Children less likely to eat food if they know it's good for them
When it comes to urging young children to eat healthy food, parents are better off saying nothing about the benefits than saying it will help them grow stronger or smarter.
According to new research by University of Chicago Booth School of Business Professor Ayelet Fishbach, children reject nourishing food simply because they know it is good for them, and once they know that, they assume the food won't taste good.
In the paper "If it's Useful and You Know it, Do You Eat? Preschoolers refrain from Instrumental Food," to be published in the October issue of the Journal of Consumer Research, Fishbach and Michal Maimaran of the Kellogg School of Management at Northwestern University, demonstrate that telling children that food will help them achieve a goal, such as growing strong or learning to read, decreases preschooler's interest in eating the food.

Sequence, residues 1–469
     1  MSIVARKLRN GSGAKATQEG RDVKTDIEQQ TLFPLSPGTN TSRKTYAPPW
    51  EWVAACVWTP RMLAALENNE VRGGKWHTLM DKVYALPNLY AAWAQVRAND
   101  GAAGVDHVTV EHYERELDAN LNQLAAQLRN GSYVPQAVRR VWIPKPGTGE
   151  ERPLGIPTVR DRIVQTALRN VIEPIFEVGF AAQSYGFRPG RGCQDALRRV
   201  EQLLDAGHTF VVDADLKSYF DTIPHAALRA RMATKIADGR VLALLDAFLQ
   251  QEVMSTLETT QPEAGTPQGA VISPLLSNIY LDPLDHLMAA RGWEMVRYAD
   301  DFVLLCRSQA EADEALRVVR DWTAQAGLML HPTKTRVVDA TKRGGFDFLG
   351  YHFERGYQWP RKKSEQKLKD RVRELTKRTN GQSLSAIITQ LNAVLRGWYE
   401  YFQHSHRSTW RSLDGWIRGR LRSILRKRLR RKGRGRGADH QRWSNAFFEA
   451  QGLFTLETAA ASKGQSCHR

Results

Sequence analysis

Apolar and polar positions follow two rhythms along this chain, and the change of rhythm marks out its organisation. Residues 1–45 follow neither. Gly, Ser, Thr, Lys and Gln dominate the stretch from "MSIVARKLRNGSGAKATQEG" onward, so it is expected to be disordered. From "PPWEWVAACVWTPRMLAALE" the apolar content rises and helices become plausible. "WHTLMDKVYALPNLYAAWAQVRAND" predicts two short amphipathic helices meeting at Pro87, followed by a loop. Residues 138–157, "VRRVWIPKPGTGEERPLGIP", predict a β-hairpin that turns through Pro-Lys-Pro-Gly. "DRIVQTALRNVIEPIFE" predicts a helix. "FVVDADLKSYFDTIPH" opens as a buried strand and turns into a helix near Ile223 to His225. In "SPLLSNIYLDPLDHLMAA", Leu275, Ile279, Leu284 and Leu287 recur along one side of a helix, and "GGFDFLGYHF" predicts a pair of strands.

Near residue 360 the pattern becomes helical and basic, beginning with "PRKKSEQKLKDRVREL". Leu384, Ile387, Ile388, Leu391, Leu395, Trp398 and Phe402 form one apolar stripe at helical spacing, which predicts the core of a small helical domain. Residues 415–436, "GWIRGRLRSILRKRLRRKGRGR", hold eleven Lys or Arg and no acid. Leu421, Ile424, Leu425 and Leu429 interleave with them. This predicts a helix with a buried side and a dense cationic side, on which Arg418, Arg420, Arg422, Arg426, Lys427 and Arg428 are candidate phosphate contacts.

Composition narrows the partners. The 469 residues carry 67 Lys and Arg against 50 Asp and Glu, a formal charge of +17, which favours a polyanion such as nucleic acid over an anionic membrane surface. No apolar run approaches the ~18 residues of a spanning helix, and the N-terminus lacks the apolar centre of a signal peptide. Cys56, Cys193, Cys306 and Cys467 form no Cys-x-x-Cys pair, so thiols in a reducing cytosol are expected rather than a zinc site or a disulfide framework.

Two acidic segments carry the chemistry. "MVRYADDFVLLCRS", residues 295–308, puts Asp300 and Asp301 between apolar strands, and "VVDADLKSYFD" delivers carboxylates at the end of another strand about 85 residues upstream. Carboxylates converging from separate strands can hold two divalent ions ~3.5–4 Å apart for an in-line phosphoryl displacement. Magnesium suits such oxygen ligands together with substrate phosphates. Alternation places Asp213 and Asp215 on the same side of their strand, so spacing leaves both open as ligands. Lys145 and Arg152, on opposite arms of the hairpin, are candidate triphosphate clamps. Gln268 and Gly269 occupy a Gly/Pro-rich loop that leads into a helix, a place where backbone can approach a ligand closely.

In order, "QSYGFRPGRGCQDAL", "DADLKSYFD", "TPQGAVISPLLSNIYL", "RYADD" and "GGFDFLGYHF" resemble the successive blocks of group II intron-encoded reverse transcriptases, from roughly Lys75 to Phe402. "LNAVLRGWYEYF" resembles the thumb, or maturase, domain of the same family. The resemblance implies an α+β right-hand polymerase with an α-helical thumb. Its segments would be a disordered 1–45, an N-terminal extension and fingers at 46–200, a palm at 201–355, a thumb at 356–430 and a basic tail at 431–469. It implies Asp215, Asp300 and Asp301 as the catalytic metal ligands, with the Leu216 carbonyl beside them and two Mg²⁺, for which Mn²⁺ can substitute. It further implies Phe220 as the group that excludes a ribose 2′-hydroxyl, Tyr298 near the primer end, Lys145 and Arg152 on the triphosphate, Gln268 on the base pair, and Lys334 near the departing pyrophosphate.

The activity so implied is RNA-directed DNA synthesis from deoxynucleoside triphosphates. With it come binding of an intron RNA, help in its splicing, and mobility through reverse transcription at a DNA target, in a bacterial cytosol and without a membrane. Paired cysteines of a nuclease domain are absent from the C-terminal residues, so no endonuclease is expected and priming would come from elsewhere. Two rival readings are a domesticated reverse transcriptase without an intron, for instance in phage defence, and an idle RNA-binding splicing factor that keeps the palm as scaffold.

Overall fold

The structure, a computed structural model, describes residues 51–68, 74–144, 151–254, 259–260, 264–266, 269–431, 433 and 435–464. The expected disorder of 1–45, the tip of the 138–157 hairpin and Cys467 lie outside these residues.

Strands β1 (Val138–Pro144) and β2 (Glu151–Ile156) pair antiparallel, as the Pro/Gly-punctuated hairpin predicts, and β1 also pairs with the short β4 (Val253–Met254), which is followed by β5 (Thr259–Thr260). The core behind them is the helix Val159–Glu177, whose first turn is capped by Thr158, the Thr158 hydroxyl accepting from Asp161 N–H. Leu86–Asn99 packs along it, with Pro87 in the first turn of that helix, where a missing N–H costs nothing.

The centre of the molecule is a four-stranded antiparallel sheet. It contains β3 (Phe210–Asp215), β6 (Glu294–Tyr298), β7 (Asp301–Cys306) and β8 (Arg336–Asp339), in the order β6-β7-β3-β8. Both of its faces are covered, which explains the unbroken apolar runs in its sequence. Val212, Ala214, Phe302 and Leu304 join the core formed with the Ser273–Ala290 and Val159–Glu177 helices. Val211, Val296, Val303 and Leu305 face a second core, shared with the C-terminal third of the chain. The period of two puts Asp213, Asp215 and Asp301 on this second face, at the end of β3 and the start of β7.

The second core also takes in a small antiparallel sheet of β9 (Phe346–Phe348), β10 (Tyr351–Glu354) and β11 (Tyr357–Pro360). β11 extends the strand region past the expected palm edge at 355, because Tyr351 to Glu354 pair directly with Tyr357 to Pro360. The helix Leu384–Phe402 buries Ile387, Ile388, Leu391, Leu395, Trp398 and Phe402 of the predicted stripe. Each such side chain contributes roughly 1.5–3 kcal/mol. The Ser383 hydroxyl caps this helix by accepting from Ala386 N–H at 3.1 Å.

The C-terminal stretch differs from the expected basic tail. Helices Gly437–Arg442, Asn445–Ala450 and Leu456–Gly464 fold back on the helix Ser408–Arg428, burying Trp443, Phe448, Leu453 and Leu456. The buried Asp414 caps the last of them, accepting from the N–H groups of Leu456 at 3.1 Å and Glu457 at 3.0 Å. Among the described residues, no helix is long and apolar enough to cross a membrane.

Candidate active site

"Preschoolers seem to think that food can't serve two purposes, that it can't be something that makes them healthier and something that is delicious to eat at the same time'" said Fishbach. "So telling them that the carrots will make them grow tall or make them smarter actually makes them not want to eat the carrots. If you want them to eat the carrots, you should just give the kids the carrots and either mention that they are tasty or just say nothing."
The researchers completed five experiments with 270 preschoolers in which an experimenter read picture stories about a girl who had some food for a snack. In some stores, she was interested in the food because it was good for her, in others she was interested because the food was tasty and in some stories, there was no reason mentioned in the story for why she was interested in the food.
In each case, children ate more of a food when no reason for eating it was mentioned or when it was presented as being tasty, than they did when they thought the food was good for them.
"Our study focused on very young children, and we should keep in mind that older children might rely less on taste when making food decisions due to higher self-control, said Fishbach. "On the other hand, most of us know teenagers who only eat six different foods, so it could turn out that their thinking is similar to their younger counterparts."